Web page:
Down on the corner. Cornerhouse turns 25.

Kevin Bourke

Danny Boyle, Damien Hirst, and Eric Cantona are all regular visitors. Mike Leigh’s there next week. But the real triumph of Cornerhouse, argues Kevin Bourke, is that it has changed the face of art loving and coffee drinking in Manchester

The Cornerhouse in Manchester

Last week Cornerhouse celebrated its 25th birthday, and someone in the media asked a veteran arts commentator – all right, it was me! – just what it was that the now-venerated arts centre had changed about the Manchester artistic and social landscape since it opened in 1985. ‘Just about everything,’ I told them. They were obviously surprised and I can’t say I blame them. It is now pretty much impossible to imagine Manchester without Cornerhouse or to really conceive just how difficult it could be, pre-Cornerhouse, even to see films like, say, Coppola’s Apocalypse Now or Madonna in Desperately Seeking Susan, let alone enjoy an art exhibition from the likes of Damien Hirst and a decent beer, coffee or pizza at the same venue.

Madonna in Desperately Seeking SusanJust ask Danny Boyle who, as a film-addicted youth in Bury, would travel, as many of us did, to see such offerings at probably the only place you could: the Aaben Cinema in Hulme. Invariably, you’d find yourself running a gauntlet of gaunt local youths to get inside and then, if you didn’t pick your seat wisely, having to dodge the rain dripping down inside the cinema, courtesy of an ever-growing hole in the roof.

‘It’s wonderful to see how Cornerhouse has become a vibrant social place,’ says Danny, who is a patron of Cornerhouse and makes a point of introducing his films there. ‘That’s all part of the whole cinema experience, somewhere to meet and talk about films as well as to watch them. It’s crucial to have these kinds of places. I always think the only good thing you can ever do, as a filmmaker, is to hope that there is someone sitting out there in the audience who actually ends up becoming a filmmaker. The new generation of young filmmakers are out there waiting to take over and a place like Cornerhouse allows that person to sit there and dream.’

‘I was managing a theatre in North Manchester when the place opened in 1985 and it blew me away. It was just great to see the sort of things that Cornerhouse brought to the city – the films, the exhibitions and of course the cappuccino!’ agrees the current Chief Executive Dave Moutrey, who’s been in post for twelve years and unapologetically believes he has the best job in Manchester.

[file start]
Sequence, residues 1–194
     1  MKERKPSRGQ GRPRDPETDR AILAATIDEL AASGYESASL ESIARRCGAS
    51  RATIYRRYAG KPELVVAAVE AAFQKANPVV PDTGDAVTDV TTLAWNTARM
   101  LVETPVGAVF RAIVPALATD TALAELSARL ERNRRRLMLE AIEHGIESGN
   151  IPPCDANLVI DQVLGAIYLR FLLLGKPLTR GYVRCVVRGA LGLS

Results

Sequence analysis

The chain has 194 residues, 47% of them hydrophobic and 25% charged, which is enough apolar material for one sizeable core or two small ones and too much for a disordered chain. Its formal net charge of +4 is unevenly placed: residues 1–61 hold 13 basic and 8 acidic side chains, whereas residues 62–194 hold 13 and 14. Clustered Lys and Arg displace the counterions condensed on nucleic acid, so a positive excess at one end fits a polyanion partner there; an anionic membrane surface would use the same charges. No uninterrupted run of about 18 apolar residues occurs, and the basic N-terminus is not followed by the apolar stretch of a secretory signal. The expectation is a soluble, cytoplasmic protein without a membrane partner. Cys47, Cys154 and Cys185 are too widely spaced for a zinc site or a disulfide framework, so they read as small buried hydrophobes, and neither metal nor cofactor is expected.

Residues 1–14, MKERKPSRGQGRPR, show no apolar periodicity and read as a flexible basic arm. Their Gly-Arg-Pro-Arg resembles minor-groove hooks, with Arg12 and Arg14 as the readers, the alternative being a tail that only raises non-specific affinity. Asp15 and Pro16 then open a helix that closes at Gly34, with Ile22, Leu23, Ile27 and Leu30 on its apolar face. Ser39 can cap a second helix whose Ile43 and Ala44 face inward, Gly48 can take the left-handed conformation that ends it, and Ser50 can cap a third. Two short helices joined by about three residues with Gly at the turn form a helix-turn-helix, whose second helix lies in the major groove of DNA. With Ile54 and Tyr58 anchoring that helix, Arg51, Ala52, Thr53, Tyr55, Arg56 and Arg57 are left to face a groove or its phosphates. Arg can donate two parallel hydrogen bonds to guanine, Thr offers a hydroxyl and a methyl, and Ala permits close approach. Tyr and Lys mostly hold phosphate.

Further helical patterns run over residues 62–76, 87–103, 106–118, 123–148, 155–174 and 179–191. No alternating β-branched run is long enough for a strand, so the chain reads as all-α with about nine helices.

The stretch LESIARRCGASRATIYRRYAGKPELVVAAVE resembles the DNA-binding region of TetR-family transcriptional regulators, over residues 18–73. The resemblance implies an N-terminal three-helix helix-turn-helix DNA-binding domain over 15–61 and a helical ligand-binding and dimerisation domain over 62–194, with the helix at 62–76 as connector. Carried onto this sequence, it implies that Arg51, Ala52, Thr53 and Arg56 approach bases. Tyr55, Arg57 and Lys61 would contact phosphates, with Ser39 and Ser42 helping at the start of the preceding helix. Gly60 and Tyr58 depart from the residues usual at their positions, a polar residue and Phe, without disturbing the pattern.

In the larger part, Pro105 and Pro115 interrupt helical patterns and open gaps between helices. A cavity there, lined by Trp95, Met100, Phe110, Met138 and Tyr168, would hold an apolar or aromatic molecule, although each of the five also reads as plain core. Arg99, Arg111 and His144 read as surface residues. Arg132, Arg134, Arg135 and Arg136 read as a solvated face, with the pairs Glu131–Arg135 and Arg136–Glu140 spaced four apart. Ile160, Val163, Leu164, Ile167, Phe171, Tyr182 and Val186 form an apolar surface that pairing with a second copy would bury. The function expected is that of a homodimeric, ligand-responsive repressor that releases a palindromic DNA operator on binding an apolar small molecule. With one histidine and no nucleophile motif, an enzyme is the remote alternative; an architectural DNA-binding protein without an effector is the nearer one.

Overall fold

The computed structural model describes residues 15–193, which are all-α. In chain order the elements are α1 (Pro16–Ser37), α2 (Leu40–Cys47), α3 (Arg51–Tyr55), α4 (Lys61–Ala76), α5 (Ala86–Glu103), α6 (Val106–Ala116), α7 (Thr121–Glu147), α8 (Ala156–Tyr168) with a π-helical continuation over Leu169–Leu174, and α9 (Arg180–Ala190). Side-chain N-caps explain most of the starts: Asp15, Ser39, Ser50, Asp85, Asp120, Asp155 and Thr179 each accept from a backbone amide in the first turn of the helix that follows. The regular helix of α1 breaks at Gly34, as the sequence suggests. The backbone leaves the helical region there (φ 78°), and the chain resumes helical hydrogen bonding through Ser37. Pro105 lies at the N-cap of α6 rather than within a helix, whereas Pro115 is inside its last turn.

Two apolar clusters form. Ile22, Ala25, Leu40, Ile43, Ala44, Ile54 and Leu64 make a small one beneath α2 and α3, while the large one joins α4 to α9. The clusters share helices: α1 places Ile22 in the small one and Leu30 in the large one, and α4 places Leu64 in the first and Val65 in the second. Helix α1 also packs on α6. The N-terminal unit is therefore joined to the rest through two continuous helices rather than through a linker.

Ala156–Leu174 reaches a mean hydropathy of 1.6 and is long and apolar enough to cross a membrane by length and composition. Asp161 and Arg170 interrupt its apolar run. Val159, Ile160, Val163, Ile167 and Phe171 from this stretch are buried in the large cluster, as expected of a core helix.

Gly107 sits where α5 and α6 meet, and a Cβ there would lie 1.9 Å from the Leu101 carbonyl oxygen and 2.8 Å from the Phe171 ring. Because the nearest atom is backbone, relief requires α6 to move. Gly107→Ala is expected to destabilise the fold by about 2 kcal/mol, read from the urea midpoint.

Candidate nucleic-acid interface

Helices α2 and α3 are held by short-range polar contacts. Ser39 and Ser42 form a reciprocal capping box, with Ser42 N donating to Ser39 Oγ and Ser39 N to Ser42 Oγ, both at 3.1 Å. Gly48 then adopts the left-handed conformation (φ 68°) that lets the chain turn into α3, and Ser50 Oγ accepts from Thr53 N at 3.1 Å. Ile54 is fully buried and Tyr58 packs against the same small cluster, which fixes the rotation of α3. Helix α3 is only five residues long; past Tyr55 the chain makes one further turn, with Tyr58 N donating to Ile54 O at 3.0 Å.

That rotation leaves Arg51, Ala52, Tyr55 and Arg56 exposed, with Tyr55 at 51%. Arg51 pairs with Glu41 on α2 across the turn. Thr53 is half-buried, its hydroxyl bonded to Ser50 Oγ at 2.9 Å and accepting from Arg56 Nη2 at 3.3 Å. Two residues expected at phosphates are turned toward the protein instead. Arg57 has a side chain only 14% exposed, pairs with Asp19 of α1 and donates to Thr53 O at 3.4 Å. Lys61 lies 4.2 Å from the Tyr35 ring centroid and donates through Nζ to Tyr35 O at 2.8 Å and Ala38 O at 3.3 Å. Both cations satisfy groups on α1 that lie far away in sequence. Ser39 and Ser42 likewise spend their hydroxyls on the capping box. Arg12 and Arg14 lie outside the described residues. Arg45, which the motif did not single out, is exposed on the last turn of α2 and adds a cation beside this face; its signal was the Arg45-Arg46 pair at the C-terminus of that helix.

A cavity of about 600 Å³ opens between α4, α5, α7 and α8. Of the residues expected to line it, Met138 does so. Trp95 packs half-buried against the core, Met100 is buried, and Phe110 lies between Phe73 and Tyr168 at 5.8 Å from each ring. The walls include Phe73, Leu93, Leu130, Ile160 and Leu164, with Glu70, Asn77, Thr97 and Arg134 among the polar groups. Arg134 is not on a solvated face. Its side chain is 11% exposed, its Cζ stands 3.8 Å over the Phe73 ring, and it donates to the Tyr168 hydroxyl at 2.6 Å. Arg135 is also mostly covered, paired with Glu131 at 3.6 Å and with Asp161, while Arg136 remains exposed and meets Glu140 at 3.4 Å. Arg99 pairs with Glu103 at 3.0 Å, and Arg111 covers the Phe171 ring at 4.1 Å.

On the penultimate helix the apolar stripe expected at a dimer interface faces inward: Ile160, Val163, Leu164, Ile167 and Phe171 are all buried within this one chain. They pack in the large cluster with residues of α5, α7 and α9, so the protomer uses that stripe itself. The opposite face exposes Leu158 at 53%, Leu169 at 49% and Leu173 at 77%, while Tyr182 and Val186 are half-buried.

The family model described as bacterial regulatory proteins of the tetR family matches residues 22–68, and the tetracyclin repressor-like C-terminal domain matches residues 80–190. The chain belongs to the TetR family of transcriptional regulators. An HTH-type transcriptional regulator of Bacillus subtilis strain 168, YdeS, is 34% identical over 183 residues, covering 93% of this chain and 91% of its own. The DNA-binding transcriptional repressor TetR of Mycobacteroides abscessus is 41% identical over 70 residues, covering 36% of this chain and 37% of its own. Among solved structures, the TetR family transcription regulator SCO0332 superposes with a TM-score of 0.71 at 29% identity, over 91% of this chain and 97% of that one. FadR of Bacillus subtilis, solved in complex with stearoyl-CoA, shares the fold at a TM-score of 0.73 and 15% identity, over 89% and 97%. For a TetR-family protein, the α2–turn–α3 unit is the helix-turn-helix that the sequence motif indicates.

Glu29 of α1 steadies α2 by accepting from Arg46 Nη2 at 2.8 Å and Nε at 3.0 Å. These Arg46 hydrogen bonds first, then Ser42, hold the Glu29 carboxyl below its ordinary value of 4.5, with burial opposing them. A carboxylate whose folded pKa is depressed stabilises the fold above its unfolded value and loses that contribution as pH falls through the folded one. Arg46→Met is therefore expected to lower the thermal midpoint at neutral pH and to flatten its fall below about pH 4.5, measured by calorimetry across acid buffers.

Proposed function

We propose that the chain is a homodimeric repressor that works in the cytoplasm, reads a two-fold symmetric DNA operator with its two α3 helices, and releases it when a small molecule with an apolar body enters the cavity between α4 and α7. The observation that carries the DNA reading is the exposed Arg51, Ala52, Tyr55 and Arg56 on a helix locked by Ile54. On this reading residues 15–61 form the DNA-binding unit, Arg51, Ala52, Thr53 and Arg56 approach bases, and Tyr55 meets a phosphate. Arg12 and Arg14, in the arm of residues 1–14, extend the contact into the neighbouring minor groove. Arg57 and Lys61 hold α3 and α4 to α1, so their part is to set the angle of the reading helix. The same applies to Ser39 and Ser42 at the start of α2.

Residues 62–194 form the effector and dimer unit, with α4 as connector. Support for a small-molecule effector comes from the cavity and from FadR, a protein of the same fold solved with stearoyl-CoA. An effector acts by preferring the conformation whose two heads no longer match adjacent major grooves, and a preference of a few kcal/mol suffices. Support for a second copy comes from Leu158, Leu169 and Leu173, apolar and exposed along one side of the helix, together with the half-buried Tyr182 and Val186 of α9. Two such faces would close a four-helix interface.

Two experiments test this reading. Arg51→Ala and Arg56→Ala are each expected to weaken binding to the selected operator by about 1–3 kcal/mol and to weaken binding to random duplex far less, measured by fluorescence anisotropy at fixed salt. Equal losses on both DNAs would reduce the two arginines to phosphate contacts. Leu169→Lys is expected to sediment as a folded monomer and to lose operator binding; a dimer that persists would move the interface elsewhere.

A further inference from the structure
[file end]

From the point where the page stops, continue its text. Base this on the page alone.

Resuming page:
Siobhan Ward, who currently works alongside Dave, has spent time in pretty much every area of the business over the past two decades. ‘Except finance, and I probably couldn’t show a film, although I was in the cinemas department,’ she says. ‘The funny thing about it is that the fundamental notion of Cornerhouse has stayed exactly the same throughout that time and that’s how it should be. It filled a huge gap, even if some people didn’t recognise it, for a vibrant, contemporary arts centre, somewhere covering visual arts, film and everything like that, combining all of it and forming a hub where people could meet and interact. People say “how can you stay in one job for so long?” but I haven’t worked in one job, I’ve just stayed in the same place. Every day is different here – the exhibitions change, the films change.’

Of course, people who’ve been around for a while will have their favourite Cornerhouse moments – Dave remembers being overawed to see David Byrne in the foyer, while Siobhan vividly recalls seeing Eric Cantona heading in, more than once, to watch films there. I can bore for Britain about sitting in the bar with Quentin Tarantino just a few days before Reservoir Dogs came out and nobody knowing who this loud-mouthed American was.

But the key, as always, is to look to the future, says Dave. ‘Of course, we are proud to have been at the forefront of Manchester’s vibrant cultural scene for so many years but I think the key thing is that Cornerhouse is about art and ideas that are contemporary. Every day is different and the environment is constantly changing. That’s why mine is the best job in Manchester. People say “Cornerhouse is not what it used to be”. Well, no, contemporary isn’t what it used to be! And contemporary isn’t the same as trendy. People accuse Cornerhouse of going all out to be trendy. We don’t, we go all out to be Cornerhouse. And that’s what we’ll keep doing.’

Images (top to bottom): Cornerhouse exterior; still from Desperately Seeking Susan; still from Peaches Christ’s All About Evil; Odyssey installation shot, Sheena Macrae, part of UnspoolingArtists at Cornerhouse

Odyssey installation at the Cornerhouse

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